One of the real estate conversations that everyone seems to have involves calling a bottom. Why are we so obsessed with calling a bottom?
If you’re right, you can claim it and tout it on your resume for the rest of your career.
I’ve certainly been asked the “bottom” question like a gazillion times. We should learn from the prior conversation, which was “calling the top.” In the prior scenario economists and pundits got lots of air time doing this. Call the top for several years and eventually you’ll be right. Consistency is a virtue.
Bob Toll said:
“People are looking for a reason to get off the fence. The most asked question in America today other than who Obama’s Vice President is going to be is probably when is the bottom? And if you even smell as though you are in real estate, people ask you that question all day long.”
Let’s have that real estate conversation now:
Q: When is the housing market going to bottom?
A: I don’t know.
One thing I do know, it is not going to be this year. And so what?
What does “calling a bottom” do for anyone, anyway? …especially if it’s only a gut feeling. Yun of NAR has been calling for a bottom more times than I care to recite and even his most loyal fans are getting numb.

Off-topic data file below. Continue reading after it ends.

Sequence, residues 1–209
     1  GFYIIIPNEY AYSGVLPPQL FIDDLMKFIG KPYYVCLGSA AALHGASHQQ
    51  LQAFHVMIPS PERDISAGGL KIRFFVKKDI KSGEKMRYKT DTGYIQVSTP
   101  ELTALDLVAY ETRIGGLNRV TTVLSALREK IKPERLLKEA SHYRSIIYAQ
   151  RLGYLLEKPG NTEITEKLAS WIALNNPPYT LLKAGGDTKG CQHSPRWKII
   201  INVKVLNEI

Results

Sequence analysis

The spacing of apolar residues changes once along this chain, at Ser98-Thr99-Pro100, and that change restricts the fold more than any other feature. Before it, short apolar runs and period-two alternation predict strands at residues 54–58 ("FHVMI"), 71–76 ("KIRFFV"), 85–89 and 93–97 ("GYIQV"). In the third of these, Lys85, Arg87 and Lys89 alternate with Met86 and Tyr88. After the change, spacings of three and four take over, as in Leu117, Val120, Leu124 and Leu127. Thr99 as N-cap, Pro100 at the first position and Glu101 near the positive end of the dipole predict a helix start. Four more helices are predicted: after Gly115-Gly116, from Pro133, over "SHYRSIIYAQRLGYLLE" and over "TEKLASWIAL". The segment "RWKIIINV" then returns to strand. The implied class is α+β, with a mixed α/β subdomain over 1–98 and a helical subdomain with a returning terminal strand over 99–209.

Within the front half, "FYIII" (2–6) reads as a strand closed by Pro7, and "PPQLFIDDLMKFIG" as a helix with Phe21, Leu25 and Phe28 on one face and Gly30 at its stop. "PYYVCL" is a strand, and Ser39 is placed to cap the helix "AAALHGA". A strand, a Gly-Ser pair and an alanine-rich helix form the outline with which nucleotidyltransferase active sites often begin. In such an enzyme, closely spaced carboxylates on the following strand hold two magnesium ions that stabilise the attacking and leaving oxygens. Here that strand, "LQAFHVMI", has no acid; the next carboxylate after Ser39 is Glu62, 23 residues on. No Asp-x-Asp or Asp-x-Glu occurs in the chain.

The idea that we want to have finality with the problems of the housing market is certainly understandable. When someone is stepping on your foot, you’d like to get an idea when they’ll get off of it.
We simply need to know. Or as said in the movie “Dirty Harry” by a criminal who was staring down the barrel of a 44 magnum (the most powerful handgun in the world) …”I gots to know.”
“V” versus “L” shaped bottom
My biggest issue with the answer to this question is that it is misleading. To most consumers, the “bottom” means the end of housing market stress and it marks the point where things will get better. Trough to peak.
Have you looked at the credit situation lately? The health of the GSEs?
Calling a “bottom” today likely means the point where things stop getting worse. And a flat bottom could stick around for a number of years. Think about it. What constructive actions to restore faith in the credit/investor/financial markets which provide liquidity for mortgages have occurred since last summer?
Steep and Deep, Short and Shallow
Another issue that is clearly perverse and often baffling in the answer to the “bottom” question concerns the vastly different performance characteristics of each market. There is no national housing market.
Some markets will see the housing market deterioration as steep and deep, others will be short and shallow, and the remainder in between. While all markets are connected by credit and mortgage quality and quantity, local conditions rule. I think the upturn in Michigan, with it’s auto industry woes, is much farther away than south Florida, the current poster child for rampant speculation and five year inventories of the past several years.
I’m looking forward to getting to the bottom of the bottom discussion. Please.
UPDATE: The Economist is calling it: Behind the housing gloom is an improving backdrop
Tags: Lawrence Yun, GSE